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Off topic: The way we read
Thread poster: Kemal Mustajbegovic

Kemal Mustajbegovic  Identity Verified
Local time: 16:15
English to Croatian
+ ...
Sep 16, 2003

I have to share this gem with you.

Aoccdrnig to a rscheearch at an Elingsh uinervtisy, it deosn't mttaer in waht oredr the ltteers in a wrod are, the olny iprmoetnt tihng is taht frist and lsat ltteer is at the rghit pclae. The rset can be a toatl mses and you can sitll raed it wouthit porbelm. Tihs is bcuseae we do not raed ervey lteter by it slef but the wrod as a wlohe.

And, as one of our colleagues noticed: Now I can throw away my spell checker.

Cheers!


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Pamela Peralta  Identity Verified
Peru
Local time: 03:15
English to Spanish
+ ...
nice eye and mind exercise Sep 16, 2003

:)

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Narasimhan Raghavan  Identity Verified
Local time: 13:45
English to Tamil
+ ...
The same thing came up very recently Sep 16, 2003

The same thing with the same example came up in a very recent post, vide: http://www.proz.com/topic/14134.

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Gillian Scheibelein  Identity Verified
Germany
Local time: 09:15
Member (2003)
German to English
+ ...
very interesting theory... Sep 16, 2003

and it seems to be true - I had no trouble reading and understanding the text at a little under my normal reading speed, I just had to concentrate and really READ. I wonder how much trouble this sort of text gives to non-native speakers and nearly native speakers. Does your reading speed dramatically decrease? What happens to dyslexics?

[Edited at 2003-09-16 06:13]


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Alison Schwitzgebel
France
Local time: 09:15
Member (2002)
German to English
+ ...
From a translation perspective.... Sep 16, 2003

Is this why we sometimes miss tpyos when we're proof-reading?

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xxxblomguib  Identity Verified
Local time: 06:15
English to Flemish
+ ...
typos in proofing Sep 16, 2003

I think the previous comment (on missing typos when proof-reading)is spot on!
Unless you REALLY READ (and pay 105% attention), these mistakes go unnoticed because the brain automatically corrects them without us noticing. It would be interesting to see if there are some theories about the criteria that have to be met in order to be able to read a "messed up" text. That is, where does one stop "reading" and where does the "geussing" start. I have noticed that the "first and last letter" unchanged, is not sufficient...there are cases in which I can only guess the word...it's like these word games they did on television years ago. If anybody knows some nice references about this kind of theories, I would be interested in finding out about them!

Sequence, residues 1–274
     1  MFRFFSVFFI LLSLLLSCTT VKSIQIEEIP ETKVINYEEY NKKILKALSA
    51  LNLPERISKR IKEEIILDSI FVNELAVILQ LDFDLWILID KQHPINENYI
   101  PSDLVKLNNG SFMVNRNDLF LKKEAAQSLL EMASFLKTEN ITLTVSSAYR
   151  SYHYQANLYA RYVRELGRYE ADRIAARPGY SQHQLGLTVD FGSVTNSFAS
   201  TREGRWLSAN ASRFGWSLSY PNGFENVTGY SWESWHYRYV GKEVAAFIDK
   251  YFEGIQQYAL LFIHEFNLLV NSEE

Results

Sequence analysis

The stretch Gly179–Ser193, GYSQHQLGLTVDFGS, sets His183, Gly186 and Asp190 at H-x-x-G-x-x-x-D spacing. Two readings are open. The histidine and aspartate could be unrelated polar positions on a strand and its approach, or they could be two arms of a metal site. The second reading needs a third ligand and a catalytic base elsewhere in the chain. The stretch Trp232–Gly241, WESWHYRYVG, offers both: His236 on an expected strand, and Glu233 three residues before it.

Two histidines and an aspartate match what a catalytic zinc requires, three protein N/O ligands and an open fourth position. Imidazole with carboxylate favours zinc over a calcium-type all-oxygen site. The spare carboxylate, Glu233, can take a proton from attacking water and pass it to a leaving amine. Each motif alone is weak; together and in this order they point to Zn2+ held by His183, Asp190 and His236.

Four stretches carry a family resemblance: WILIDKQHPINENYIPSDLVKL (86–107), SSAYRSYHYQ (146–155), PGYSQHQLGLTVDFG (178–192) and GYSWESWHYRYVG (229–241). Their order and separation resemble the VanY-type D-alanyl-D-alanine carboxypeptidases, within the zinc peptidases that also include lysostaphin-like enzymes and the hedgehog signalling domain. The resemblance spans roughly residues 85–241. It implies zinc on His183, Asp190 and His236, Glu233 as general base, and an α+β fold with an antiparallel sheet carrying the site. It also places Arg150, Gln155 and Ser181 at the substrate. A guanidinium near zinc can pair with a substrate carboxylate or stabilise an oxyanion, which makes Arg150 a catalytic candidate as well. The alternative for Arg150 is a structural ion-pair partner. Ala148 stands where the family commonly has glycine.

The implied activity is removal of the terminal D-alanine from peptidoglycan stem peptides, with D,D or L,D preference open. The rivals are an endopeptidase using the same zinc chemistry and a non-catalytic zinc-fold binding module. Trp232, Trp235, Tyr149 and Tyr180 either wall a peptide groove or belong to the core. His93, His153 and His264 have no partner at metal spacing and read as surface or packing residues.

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Federica Jean  Identity Verified
Local time: 09:15
English to Italian
+ ...
Redundancy may be another prerequisite Sep 16, 2003

Stefan Blommaert wrote:
I have noticed that the "first and last letter" unchanged, is not sufficient...there are cases in which I can only guess the word...it's like these word games they did on television years ago.


On reading the text above, my first impression was that reading the longest words required the least reduction in speed. Actually, the one stumbling block in my case was "rset", because my brain automatically corrected it by inserting a "missing letter" = "reset". Since that word did not work at all in the context, I had to stop, read it again and consciously change the order of the letters.

Clearly, inverting the letters' order is not the only way in which we unconsciously correct misspelt words. Therefore I'd agree with Stefan that the "first-and-last-letters rule" alone is not enough. Redundancy (i.e., the number of letters in a single word) seems to be another prerequisite to minimize false guesses whilst reading at normal speed.

Very interesting, thanks!

Federica


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JCEC  Identity Verified
Canada
Local time: 03:15
Member
English to French
Not exactly Sep 16, 2003

Alison Riddell-Kachur wrote:

Is this why we sometimes miss tpyos when we're proof-reading?

Experiments have been made filming the eye movement of people proofreading documents they have written.

It turns out that the more familiar you are with the document, the more words you skip and memory makes up for the balance of the message. In the case of a document reread immediately after it has been written, the eye reads approximately one word out of three.

After you have forgotten all about the document, you have to read all the words to get reacquainted with the message and the typos jump to your face.

Before spelling checkers, some professional proofreaders read from right to left so they could concentrate on the spelling without being distracted by meaning.

John

[Edited at 2003-09-16 11:07]


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Alison Schwitzgebel
France
Local time: 09:15
Member (2002)
German to English
+ ...
That's along the lines of one of my favorite tricks... Sep 16, 2003

JCEC wrote:

Before spelling checkers, some professional proofreaders read from right to left so they could concentrate on the spelling without being distracted by meaning.



One of my favorite tricks when I'm proofing (which I learned from Daina Jauntirans, to whom I'm eternally grateful) is to proofread the document starting with the last sentence first, then the second last, etc. That breaks the "logical flow" in your mind and makes you read what you've really written.


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